I transitioned as the epidural was prepared. The strongest and most painful contractions, that had me feeling ready to push, came every 30 seconds as I tried to sit still on the edge of the bed and round out my back for the needle. I may have let a cuss word slip out, and the nurse, midwife and Dave all coached me through, telling me to breathe and blow. I breathed and blew through about 4 or 5 more contractions as the anesthesia made it’s way along my nerves, blocking the pain and dulling my sensation. Then, probably as Eliot’s head began to descend, I could relax. I breathed out the anxiety and stress and expectation of the long, overwhelming experience and smiled at Dave. “This is amazing,” I said, then called my mom to tell her I would be pushing soon. I also called my older sister, mother of four, to tell her that an epidural was pretty cool, and she busted up laughing, telling me she had tried to tell me so.
After about 45 minutes of rest, relaxation, and regrouping, the midwife came in to check me. “There’s the baby’s head,” she said bringing over a mirror. He was about one push from crowning, and I had no idea. The team prepared the table, and set up some stirrups, as I was so numb my legs were foreign. Then they coached me when to push, and after two contractions his little blue face emerged. I was told to stop pushing, for the midwife to unwrap the cord from his neck, and then his body was delivered. I couldn’t believe my eyes as this slippery, purple, wiggly guy was suctioned and rubbed, working for that first breath and first cry. I was worried when the pediatric nurse whisked him onto the table to give him oxygen and rub him pink. It felt like an hour before he was on my chest, skin to skin, as he should be.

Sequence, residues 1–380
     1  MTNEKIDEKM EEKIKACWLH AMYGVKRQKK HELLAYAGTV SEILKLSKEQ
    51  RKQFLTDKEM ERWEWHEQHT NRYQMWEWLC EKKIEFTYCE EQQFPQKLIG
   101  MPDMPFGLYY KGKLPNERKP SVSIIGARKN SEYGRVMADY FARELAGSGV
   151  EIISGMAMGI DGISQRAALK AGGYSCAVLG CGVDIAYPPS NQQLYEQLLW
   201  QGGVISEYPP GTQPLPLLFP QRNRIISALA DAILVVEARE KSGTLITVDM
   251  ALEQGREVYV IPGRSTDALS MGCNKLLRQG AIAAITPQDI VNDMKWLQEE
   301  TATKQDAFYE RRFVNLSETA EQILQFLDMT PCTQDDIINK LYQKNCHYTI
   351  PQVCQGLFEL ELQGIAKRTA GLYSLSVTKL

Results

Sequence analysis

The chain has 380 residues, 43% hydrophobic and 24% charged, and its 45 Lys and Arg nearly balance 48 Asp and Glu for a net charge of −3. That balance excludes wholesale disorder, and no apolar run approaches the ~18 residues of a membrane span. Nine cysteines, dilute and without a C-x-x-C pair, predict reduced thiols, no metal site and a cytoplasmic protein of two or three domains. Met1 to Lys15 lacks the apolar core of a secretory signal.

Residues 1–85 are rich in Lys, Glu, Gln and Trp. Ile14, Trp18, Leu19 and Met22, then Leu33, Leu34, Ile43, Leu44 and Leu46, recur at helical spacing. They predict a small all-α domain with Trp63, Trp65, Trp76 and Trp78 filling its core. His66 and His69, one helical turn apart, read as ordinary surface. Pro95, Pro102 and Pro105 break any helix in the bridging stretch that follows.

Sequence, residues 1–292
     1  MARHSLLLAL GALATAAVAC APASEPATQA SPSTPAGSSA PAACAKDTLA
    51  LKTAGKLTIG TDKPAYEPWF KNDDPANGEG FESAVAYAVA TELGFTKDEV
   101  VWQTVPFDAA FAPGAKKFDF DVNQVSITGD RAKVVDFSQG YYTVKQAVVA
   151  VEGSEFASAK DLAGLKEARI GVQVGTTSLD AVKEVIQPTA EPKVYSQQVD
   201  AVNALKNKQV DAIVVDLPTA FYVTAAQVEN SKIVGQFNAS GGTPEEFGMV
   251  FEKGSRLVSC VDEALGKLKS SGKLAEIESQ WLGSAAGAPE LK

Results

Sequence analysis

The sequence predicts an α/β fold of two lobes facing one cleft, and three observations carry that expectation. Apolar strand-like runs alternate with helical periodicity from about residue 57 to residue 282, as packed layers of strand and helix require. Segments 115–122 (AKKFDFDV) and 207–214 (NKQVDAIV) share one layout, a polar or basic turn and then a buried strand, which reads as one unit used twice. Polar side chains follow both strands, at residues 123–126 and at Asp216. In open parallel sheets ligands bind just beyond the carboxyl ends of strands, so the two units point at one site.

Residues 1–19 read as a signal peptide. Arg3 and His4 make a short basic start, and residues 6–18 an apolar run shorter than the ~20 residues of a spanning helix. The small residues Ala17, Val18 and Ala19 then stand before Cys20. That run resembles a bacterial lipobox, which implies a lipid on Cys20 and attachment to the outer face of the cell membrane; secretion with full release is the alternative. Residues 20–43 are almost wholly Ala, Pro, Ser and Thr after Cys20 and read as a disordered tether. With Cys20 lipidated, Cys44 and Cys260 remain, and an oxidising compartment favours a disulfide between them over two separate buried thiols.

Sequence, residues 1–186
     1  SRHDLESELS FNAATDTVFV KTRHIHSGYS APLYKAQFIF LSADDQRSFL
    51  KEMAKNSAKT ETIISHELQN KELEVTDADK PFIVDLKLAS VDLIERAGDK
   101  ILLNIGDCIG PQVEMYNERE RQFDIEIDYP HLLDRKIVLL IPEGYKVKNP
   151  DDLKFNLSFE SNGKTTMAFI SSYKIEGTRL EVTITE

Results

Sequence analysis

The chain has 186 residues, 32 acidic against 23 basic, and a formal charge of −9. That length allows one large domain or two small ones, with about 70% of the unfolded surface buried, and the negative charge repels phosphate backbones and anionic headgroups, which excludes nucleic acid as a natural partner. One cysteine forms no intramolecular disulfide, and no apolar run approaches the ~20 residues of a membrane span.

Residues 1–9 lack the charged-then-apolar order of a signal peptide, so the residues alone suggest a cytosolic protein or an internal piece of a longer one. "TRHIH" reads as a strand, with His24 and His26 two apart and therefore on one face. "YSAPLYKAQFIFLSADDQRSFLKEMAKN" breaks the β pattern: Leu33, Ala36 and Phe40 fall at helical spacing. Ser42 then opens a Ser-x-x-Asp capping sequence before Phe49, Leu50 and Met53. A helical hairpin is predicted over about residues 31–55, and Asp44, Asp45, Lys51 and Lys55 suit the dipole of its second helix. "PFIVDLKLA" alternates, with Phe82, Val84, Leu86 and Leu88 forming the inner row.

He was beautiful. All of my work and prayers and struggle melted away into this tiny bundle of new life. He peered up at me curiously, red lips shiny and tuft of black hair still plastered to his head.
He nursed like a champ, within a minute of being next to me. Another hungry boy added to my little family. My first degree tear was quickly repaired, and the room was suddenly pretty calm.
I was instantly in love. How could I not be? I had been worried that I wouldn’t know how to open my heart for another child, with the way it belongs to Milo, but somehow there is space, without taking away anything from my first, for Eliot to also be completely adored.
After a quiet moment, and a good snuggle, Dave accompanied Eliot for all of the odds and ends, and I laid in bed, still paraplegic from the anesthesia. It was weird to not be able to jump up out of bed and walk myself to the bathroom. I couldn’t reach the camera, so I sent out and posted photos from my phone.
Eliot passed his tests with flying colors, whatever tests they did. He weighed 7 pounds and 12.5 ounces, just a half ounce less than his older brother. At 20 inches long he was a half-inch longer than Milo. Born at 2:29 pm, just 4 hours after breaking my water.
What a love.
And then the brothers got to meet.
Milo was so excited to have Eliot roll into the room in his little cubby. “Baby Aye Yai!!” he yelled, and climbed up onto the bed to peer into the bassinet and
poke point out Eliot’s eyes. Mamo was pretty smitten with him, too.
A proud Dad (and sexy husband)
Admiring our new bundle.
Luckily, I’ve got two arms! I see a whole lot of hug-juggling in my future!
Me and my two wonderful boys. I can’t believe it. I am finally a mother of two–and not pregnant!! Hip hip hooray!!
For as different, difficult and completely unexpected as Eliot’s birth experience was, it was perfect.
And we are happy. All four of us.
Update: To listen to this and my other two birth stories, tune into The Birth Hour Podcast to hear my interview!